A collaborative research effort identified two types of cells that the SARS-CoV-2 virus likely uses as entry points into the human body.
Goblet and ciliate cells in the respiratory tract express high levels of two proteins known to facilitate the entry of the virus into human cells, reports a new study. The authors, which include members of several universities and the Human Cell Atlas Lung Biological Network say that their findings could help explain the high transmission rate observed in COVID-19.
The vulnerable link
"We found that the receptor protein -- ACE2 -- and the TMPRSS2 protease that can activate SARS-CoV-2 entry are expressed in cells in different organs, including the cells on the inner lining of the nose," says Dr Waradon Sungnak, the first author on the paper from Wellcome Sanger Institute.
"We then revealed that mucus-producing goblet cells and ciliated cells in the nose had the highest levels of both these COVID-19 virus proteins, of all cells in the airways. This makes these cells the most likely initial infection route for the virus."
The research comes as part of a wider effort that aims to use the databases of the Human Cell Atlas to understand how pathogens can infect our bodies.
The coronavirus is transmitted through respiratory aerosols generated when we cough, talk, or breathe. It's believed that the tiny particles of liquid in these aerosols can enter our respiratory systems and, once there -- like all coronaviruses -- it infects our cells. But not all cells are created equal, and they need to have the right kind of transport proteins for SARS-CoV-2 to be able to penetrate their outer membranes. Exactly which cells are vulnerable to this particular virus was, until now, still unclear.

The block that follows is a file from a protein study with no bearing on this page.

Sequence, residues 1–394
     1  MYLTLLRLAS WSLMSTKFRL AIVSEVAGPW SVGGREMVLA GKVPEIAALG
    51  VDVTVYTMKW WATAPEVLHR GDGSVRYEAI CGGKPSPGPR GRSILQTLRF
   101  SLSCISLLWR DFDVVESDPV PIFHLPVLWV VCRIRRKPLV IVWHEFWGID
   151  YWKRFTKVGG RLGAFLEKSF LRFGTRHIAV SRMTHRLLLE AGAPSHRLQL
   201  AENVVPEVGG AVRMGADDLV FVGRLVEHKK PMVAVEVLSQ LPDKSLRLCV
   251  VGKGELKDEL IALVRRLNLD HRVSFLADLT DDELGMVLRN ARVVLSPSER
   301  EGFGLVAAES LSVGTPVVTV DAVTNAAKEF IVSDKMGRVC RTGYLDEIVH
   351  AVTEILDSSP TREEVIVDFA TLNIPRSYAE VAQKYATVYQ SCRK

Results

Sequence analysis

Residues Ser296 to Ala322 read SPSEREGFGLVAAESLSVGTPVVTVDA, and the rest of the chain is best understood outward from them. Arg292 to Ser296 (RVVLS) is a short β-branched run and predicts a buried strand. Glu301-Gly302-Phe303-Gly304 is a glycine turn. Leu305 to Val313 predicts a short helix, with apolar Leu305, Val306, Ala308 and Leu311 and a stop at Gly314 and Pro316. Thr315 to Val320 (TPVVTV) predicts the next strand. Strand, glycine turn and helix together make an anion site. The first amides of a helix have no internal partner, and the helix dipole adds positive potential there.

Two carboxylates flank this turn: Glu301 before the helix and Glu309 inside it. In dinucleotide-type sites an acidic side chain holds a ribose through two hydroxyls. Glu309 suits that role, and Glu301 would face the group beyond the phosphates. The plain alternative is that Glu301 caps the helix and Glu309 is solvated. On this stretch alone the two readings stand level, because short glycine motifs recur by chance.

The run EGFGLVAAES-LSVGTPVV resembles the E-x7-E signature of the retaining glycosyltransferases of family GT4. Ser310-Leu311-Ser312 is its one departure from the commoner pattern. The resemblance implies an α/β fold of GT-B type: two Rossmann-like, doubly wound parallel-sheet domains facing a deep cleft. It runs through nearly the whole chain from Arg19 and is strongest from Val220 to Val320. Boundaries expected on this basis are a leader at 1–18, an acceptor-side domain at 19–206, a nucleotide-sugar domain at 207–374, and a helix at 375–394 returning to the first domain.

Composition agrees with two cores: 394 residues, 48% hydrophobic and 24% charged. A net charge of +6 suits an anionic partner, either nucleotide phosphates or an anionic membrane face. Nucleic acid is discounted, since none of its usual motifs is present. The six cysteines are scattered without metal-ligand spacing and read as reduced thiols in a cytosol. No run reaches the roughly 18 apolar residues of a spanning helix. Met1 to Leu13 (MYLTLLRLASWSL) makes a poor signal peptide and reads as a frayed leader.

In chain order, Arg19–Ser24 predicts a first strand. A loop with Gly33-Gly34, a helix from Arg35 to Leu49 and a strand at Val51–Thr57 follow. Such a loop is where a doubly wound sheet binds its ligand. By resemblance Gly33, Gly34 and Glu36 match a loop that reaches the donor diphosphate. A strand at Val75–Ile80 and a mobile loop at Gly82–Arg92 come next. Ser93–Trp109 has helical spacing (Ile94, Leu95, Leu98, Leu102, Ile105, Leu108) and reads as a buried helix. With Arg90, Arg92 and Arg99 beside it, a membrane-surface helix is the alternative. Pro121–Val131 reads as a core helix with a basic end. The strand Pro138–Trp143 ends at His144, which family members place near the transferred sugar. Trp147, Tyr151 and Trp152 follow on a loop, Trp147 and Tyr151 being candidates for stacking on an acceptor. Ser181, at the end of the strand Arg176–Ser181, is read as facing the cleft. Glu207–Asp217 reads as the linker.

In order to find out, the team analyzed single-cell RNA sequences from multiple Human Cell Atlas (HCA) datasets. They were looking for cells which express high levels of both the proteins ACE2 and TMPRSS2, which are known to mediate infection. The team looked at cells in over 20 different tissues from the lungs, nasal cavity, eyes, gut, heart, kidneys, and liver.
Nose, eyes, guts
Apart from the goblet cells and ciliated cells, they report that some cells in the eye's cornea and in the lining of our intestines also show high levels of the proteins. This would suggest that the eyes and tear ducts, alongside the gastrointestinal tract, may also represent avenues of infection.
Furthermore, the genes that encode ACE2 seem to be activated as part of the natural immune response of our organism, leading to higher levels of this protein being expressed when cells in the body are damaged or infected.
"This is the first time these particular cells in the nose have been associated with COVID-19," explains Dr Martijn Nawijn, from the University Medical Center Groningen in the Netherlands, co-author of the study.
"While there are many factors that contribute to virus transmissibility, our findings are consistent with the rapid infection rates of the virus seen so far. The location of these cells on the surface of the inside of the nose make them highly accessible to the virus, and also may assist with transmission to other people."
Understanding the exact avenue of infection can help guide the development of new treatments to limit its ability to spread between individuals, the team explains. It can even help us in our efforts to design a vaccine.
Because the results were obtained using different methods than those applied so far but are still consistent with previous results, they help confirm and deepen the reliability of our knowledge of the virus so far.
The paper "SARS-CoV-2 entry factors are highly expressed in nasal epithelial cells together with innate immune genes" has been published in the journal Nature Medicine.